Often, this extra wine pizzazz has to do with both the food and allowing the wine to “breathe” in the glass. During your meal, it starts to open up and show its true self, just like a person who might be a bit shy. If you’re considerate and give that person some time, they might start to share who they really are.
Did you know marketers estimate that a whopping 70% of wine today is consumed without food? Too bad!
Has this ever happened to you? What was the wine? What was the food that brought it out of its shell?
We’re talking wine of course. When do you need to let it breathe, or decant before pouring?
Here are a few tips:
1. Decanting an old wine (15-20 years old) for too long can ruin it. Old wines are quite delicate and should be opened just before the meal. Otherwise, oxidation spurs rapid changes in the wine leaving it “dead” by the time you drink it.
2. Young wines often need to breathe—with gusto! Most often, this would be the case with big, tannic reds. Pouring such a wine back and forth several times from decanter to decanter will aerate it and give it a chance to open up and reveal its complex flavors and aromas.
3. Typically, a red wine 7-8 years old is a good candidate for breathing.
4. A wonderful way to allow a wine to open up is during a leisurely dinner. How many big, brash reds have we disliked on first sip, only to have them become our favorite wine by the end of the meal. The changes in the wine can be fascinating and fantastic.
Posted In Wine Education
Two big storms that reached California last week were a good start to ease the worries of grapegrowers – but not enough. According to the state’s Drought Task Force, much more rain is needed. In fact, Secretary John Laird of the California Natural Resources Agency believes California requires a storm every other day through May to bring water up to near normal levels.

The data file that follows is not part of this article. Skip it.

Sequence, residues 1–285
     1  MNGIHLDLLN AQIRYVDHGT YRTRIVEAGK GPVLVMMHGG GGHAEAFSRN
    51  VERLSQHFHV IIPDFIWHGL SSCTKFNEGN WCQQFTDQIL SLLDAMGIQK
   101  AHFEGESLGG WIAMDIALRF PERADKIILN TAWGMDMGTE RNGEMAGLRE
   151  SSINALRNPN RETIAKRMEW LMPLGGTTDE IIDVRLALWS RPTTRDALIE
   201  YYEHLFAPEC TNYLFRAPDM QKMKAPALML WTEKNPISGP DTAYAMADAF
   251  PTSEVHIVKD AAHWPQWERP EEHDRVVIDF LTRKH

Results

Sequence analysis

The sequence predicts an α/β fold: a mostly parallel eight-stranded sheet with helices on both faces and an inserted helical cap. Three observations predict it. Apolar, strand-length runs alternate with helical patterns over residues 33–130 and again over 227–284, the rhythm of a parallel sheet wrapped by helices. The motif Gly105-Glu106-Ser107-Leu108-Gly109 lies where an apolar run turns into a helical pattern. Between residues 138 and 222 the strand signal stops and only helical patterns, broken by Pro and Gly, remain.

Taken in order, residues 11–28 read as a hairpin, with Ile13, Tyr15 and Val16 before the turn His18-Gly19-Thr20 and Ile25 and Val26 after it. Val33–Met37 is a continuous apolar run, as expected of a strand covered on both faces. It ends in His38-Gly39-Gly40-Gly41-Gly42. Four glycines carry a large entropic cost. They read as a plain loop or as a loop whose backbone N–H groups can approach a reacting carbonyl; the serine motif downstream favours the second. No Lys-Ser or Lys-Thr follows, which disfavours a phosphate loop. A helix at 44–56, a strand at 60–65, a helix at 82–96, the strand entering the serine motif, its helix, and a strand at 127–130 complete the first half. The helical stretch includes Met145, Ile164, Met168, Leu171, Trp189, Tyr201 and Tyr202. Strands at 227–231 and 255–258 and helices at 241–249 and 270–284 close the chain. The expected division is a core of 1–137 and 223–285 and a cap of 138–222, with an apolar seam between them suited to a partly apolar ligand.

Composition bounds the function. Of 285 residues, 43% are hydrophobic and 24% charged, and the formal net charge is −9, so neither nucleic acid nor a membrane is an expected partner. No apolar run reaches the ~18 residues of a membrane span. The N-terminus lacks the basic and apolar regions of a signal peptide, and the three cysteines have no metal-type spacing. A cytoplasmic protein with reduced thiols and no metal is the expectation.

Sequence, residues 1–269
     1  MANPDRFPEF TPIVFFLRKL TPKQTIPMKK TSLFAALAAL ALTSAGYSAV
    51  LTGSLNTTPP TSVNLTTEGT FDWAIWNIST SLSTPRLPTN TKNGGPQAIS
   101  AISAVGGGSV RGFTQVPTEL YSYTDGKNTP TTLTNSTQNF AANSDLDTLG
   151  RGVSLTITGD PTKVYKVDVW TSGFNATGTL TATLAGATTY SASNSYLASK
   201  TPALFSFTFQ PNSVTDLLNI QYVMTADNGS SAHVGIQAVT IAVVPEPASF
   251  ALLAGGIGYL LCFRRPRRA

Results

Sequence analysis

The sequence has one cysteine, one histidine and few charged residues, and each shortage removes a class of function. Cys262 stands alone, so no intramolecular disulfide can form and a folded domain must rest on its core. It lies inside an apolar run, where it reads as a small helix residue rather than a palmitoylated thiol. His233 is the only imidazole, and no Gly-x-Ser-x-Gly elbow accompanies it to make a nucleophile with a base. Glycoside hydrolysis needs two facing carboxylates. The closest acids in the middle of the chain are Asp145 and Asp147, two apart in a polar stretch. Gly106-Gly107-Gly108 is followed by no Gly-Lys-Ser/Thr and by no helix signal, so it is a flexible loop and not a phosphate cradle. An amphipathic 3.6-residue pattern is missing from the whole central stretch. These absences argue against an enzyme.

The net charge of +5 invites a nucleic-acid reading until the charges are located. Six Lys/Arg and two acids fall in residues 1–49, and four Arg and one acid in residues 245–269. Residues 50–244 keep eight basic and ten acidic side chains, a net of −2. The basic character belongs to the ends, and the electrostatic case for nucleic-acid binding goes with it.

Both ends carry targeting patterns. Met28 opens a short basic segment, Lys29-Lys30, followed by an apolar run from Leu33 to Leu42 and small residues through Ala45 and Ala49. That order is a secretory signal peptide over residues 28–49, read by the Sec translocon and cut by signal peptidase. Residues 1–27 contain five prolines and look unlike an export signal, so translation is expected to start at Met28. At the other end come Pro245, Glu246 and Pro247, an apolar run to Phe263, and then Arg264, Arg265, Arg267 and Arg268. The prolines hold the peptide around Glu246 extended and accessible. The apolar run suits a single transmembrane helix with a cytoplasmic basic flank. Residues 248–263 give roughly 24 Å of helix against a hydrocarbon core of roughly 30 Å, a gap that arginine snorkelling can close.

As we said last week…think rain…or better yet…how about a rain dance?
February rains have given Napa and Sonoma some relief from drought worries. A mid-February storm dumped an average of eight inches in those two counties. In some places, more than 12 inches were recorded. Hillsides are greening up and winemakers are a bit more optimistic than before. If more storms arrive, their mood will be even brighter. Think rain.
Many studies point to the benefits of lifetime learning on healthy aging. Researchers seem to agree that keeping both mind and body active is key to the golden years.
We’d add that learning about wine can be part of a healthy lifestyle.
There are so many aspects of wine to explore and investigate. What an endless and endlessly enjoyable pursuit! Wine history, wine evolution, winemakers, wine controversies, winemaking, wines from around the world…from California to Croatia, there is always something new to learn.
Learning about wine is a multi-dimensional adventure. It’s not just the written word but also the wine in the glass that instructs; not only the curious mind, but also the nose and taste buds that experience. Our interest in wine can introduce us to new friends who share our passion for it, whether it be a wine and food group, wine club, wine touring excursion or online correspondence. Learning about wine is something we can all look forward to, no matter what our age.
What are your thoughts on learning about wine and wine education?